Therapeutic Uses Realigning Self-Esteem Cosmetic Lenses for a Non-Sighted Patient
A variety of ocular disorders can be corrected by colored contact lenses. (Of course, you should rule out possible pathology before prescribing lenses for any of these conditions.) Among them:
Diplopia. A dark, black, opaque tinted lens that completely eliminates light can help eliminate double vision for some patients. When the full central lens area is opaque, contact lenses can eliminate images and provide acceptable cosmesis for patients with intract-able diplopia.
By Mitch Cassel, O.D.
A 36-year-old performer born with a disfigured smaller, incomplete, mis-directed, non-sighted eye. He came to our office because he was conscious of the difference in size between the two eyes while performing. This patient needed a lens that would match his healthy eye in color, size and alignment.
We fit this patient with a new, hand-painted laminated large scleral lens design that conceals his natural eye in order to realign the new hand-painted iris. Digitial photography greatly assisted our artists in matching the patients other eye.
The patient has now regained his self-esteem and feels more confident on stage. He wears the lens every day with a smile.
Studies have shown that as long as patients do not have unreasonable expectations and the lens is well cared for, tinted contact lenses can be useful as an alternative to a covered spectacle lens or eye patch when occluding one eye.5
Aphakia and amblyopia. Many O.D.s have also found success in treating childhood aphakia and amblyopia with black, occluded contact lenses versus patching. Contact lenses offer compliance benefits over patching due to better cosmesis. Its more difficult for a child to remove a contact lens than a patch and, because their appearance is less affected, children are less likely to be self-conscious.
By Mitch Cassel, O.D.
A 21-year-old woman came to our office from Greece. She was completely blind with no light perception secondary to a mismanaged glaucoma complication. This left her with perforated corneas and eventual leukokoria.
The patients mother had found our office and brought her daughter in because everyday someone would ask what was wrong with the girls eyes. She wanted a custom-designed lens that was natural looking and would give her a more normal experience.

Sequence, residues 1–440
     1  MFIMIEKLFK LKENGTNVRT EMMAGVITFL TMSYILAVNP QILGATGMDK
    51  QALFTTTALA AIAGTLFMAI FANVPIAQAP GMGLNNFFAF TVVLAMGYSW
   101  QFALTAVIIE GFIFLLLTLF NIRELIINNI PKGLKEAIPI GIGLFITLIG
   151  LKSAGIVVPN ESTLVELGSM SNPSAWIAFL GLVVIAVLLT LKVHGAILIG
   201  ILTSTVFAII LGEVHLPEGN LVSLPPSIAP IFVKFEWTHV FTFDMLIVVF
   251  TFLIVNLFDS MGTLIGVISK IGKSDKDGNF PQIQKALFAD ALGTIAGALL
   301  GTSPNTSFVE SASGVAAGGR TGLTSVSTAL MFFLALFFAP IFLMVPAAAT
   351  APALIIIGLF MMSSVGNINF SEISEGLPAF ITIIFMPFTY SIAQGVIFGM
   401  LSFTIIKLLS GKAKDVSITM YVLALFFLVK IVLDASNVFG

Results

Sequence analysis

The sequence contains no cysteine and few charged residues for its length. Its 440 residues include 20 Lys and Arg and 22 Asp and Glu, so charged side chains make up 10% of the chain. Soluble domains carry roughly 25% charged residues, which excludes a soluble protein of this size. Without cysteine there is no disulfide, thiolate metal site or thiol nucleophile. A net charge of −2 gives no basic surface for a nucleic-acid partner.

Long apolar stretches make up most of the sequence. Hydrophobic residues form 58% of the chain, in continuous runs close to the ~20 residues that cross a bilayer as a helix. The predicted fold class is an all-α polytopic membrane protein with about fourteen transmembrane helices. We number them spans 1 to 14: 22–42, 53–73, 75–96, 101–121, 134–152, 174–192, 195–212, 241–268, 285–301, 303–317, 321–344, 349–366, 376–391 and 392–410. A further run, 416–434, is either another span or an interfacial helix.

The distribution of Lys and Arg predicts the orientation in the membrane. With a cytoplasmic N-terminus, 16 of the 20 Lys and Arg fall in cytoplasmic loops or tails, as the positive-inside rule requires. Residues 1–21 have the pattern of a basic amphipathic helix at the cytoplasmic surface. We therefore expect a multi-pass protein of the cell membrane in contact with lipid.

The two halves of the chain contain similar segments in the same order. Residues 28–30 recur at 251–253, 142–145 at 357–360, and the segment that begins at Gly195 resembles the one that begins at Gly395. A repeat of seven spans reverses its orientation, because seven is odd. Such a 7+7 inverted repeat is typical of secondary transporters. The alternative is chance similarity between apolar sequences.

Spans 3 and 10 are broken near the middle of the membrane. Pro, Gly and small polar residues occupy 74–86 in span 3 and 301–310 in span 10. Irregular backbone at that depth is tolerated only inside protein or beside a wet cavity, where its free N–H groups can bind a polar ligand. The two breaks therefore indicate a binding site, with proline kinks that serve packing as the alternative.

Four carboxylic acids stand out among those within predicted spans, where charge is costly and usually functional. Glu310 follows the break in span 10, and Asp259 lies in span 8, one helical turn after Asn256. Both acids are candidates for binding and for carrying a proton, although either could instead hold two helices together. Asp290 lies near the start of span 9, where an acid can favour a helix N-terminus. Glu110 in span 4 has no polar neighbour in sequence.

We designed a hand-painted, custom lens with natural looking irides to cover the patients disfigurement. Although this patient never saw the lenses, she became very emotional just knowing she had natural looking eyes. Now, she doesnt go anywhere without her new lenses.
When people come in with these disfigurements, there is no smile, no self-esteem. We make it our mission to get a smile out of those patients as the end result. We know we are successful when we get that smile at the end.
Working with patients who have a disfigured eye can be a very moving experience. So, be prepared for the patient to be emotional.
Also, be sure not to give these patients unrealistic expectations. No matter how closely you can match the patients healthy eye, a contact lens will never be a perfect match.
A study from Sweden found that contact lenses were successful in treating persistent amblyopia in high unilateral myopia.7 And, a retrospective case review of patients with anisometropic amblyopia treated at the Strabismus Service of Moorfields Eye Hospital in London found that contact lenses improved visual acuity in myopic aniso-metropia of up to 9.00D.8
Albinism. Occluding lenses also may help control the amount of light that enters the eyes of patients with ocular albinism. Dr. Cassel says the lack of iris pigmentation causes extreme photophobia and macular complications if the eye is exposed to too much light. He recommends fitting a darker brown or gray solid iris color lens to act like a sunglass. The diameter of the colored iris should be 2 to 3mm larger than the patients pupil in dim illumination.
Cosmetic Lenses for a Non-Sighted Patient
Prosthetic Uses Lens of A Different Color
Patients who present with a disfigured eye, whether congenital or from trauma, are the most challenging and, the doctors say, the most rewarding. Weve seen everything from older patients with surgical complications to teenagers in accident cases, and weve changed a lot of lives, Dr. Harper adds.
Dr. Cassel agrees. With prosthetic lenses, its often an emotional experience for myself, my staff and the patient. We often develop a bond with the patient that lasts for years, he says.
But be very careful not to foster unrealistic expectations in these patients. Make it clear that you will never be able to get their real eye back. A realistic prosthetic lens may come close to matching their eye, but it will never be exactly the same, Dr. Cassel says.